By JOHN ROBERTSON
LERWICK’S district heating scheme is saving at least £3 million a year from being pocketed by companies down south, the scheme’s manager Neville Martin said this week.
He calculates that the 960 customers save around £1m a year on their bills, the community earns another £1m from selling heat and hundreds of thousands of pounds are saved through expensive boilers and other heating plant not having to be bought and maintained in buildings. Work valued at £600,000 a year is also generated from connecting and plumbing in new properties.
The scheme is going from strength to strength and despite a 23 per cent hike in charges announced this week it remains a much cheaper source of domestic heating than electricity and half the price of using heating oil. The tariff will rise to 4.2p per kilowatt-hour from 1st October due largely to the high cost of oil which has to be burnt at peak winter periods or when the council’s incinerator is out of action.
As well as being the only utility under local control, Mr Martin said Shetland Heat Energy and Power’s (Sheap) scheme will save Shetland importing over 4,500 tonnes of oil and coal this year and means 13,600 tonnes less carbon dioxide polluting the atmosphere.
Mr Martin told Shetland Charitable Trust on Wednesday: “This is where the UK government should be pricking up its ears and saying ‘We should be having more of this’.”
Of the 960 properties piped in to the system, 850 are houses and the other 110 are businesses and public buildings such as the schools, hospital and Clickimin Centre. The scheme has cost the trust some £13m to reach the position it is in today. In the last financial year it made a profit of £226,000.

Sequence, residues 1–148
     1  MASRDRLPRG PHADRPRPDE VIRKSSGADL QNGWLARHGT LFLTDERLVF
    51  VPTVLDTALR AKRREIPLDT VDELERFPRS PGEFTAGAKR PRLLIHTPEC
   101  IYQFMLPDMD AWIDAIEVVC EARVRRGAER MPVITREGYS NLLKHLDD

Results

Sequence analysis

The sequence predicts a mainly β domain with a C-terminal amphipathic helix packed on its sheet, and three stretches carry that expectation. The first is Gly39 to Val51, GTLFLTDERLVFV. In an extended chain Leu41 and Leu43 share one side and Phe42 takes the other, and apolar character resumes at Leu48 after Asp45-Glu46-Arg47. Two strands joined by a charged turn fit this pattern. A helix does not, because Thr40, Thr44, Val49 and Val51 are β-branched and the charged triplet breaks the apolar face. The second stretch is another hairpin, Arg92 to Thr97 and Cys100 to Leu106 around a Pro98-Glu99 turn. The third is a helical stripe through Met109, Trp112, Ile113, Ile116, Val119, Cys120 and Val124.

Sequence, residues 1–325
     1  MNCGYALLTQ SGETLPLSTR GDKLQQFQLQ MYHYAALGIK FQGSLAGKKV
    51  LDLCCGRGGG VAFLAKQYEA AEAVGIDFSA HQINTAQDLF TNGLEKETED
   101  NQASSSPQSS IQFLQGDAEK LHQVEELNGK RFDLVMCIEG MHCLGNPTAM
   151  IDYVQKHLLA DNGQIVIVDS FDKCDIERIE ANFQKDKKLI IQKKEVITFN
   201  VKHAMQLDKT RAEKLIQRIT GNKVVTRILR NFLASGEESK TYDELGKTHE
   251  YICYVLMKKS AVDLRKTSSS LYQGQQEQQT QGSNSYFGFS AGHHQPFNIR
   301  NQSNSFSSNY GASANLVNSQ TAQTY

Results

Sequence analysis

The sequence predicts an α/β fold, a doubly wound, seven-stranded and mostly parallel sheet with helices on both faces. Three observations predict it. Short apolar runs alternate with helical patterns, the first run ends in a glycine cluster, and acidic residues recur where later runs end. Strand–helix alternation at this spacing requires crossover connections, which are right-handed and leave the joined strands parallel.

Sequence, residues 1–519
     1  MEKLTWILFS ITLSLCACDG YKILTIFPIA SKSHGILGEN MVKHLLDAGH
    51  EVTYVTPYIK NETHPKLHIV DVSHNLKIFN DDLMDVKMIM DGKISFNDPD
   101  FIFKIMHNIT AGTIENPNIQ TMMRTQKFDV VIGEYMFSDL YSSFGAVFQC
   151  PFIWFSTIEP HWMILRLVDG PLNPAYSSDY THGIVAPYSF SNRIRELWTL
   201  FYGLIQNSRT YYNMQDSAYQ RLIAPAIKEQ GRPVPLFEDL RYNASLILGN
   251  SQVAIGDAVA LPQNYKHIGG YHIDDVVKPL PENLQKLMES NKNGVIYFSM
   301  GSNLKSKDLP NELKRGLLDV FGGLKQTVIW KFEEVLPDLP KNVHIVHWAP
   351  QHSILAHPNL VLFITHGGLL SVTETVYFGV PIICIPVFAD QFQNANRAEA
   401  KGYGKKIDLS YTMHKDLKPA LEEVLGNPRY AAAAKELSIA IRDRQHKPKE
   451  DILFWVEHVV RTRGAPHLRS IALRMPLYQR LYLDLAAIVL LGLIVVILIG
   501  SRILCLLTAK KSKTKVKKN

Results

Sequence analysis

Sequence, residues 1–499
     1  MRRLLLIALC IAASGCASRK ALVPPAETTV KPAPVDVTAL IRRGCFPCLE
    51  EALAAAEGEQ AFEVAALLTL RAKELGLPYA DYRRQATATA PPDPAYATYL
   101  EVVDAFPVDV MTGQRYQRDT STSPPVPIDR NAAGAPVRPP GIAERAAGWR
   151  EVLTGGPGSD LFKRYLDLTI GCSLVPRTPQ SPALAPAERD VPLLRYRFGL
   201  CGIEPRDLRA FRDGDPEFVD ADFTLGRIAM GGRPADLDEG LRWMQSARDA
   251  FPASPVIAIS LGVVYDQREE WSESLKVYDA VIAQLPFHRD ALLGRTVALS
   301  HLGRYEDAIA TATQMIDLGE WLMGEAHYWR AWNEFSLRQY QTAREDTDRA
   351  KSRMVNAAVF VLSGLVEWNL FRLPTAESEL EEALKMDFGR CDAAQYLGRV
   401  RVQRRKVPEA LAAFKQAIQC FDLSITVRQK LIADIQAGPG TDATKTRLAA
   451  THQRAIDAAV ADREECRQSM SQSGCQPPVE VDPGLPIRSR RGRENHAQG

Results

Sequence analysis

Mr Martin said: “The long-term investment in district heating is producing dividends greater than envisaged when the decision to proceed with the project was taken over 11 years ago. November will see the 10th anniversary of the first house coming on line in Leslie Road. Next year should see the 1,000th customer connected.”
While Lerwick basks in cheap heat, the rest of Shetland is stuck with soaring heating bills. Sheap has a host of ideas to start mini-heating schemes in rural parts but none has come to fruition yet. The first is likely to be in Mid Yell and will include power from a wind turbine.
Another future possibility is Scalloway to tie in with Hjaltland Housing Association’s plan to build 138 houses at Utnabrake. Proposals have also been sketched for Aith, Symbister, Brae and Sandwick.
New sources of heat being considered include the SCOMI plant at Greenhead which extracts oil from offshore drill cuttings, wind turbines at the dump, refrigerators at the Shetland Catch factory, burning wood pallets, importing wood pellets and even pumping surplus heat into the rock below ground for recovery in winter via heat pumps.
Trustees at Wednesday’s meeting agreed to a request to increase investment in the Lerwick heating scheme from £250,000 to £650,000 this year plus £450,000 next year and £350,000 in 2010/11. This year’s extra money will go on replacing coolers at the energy recovery plant and to connect more people who are on the waiting list.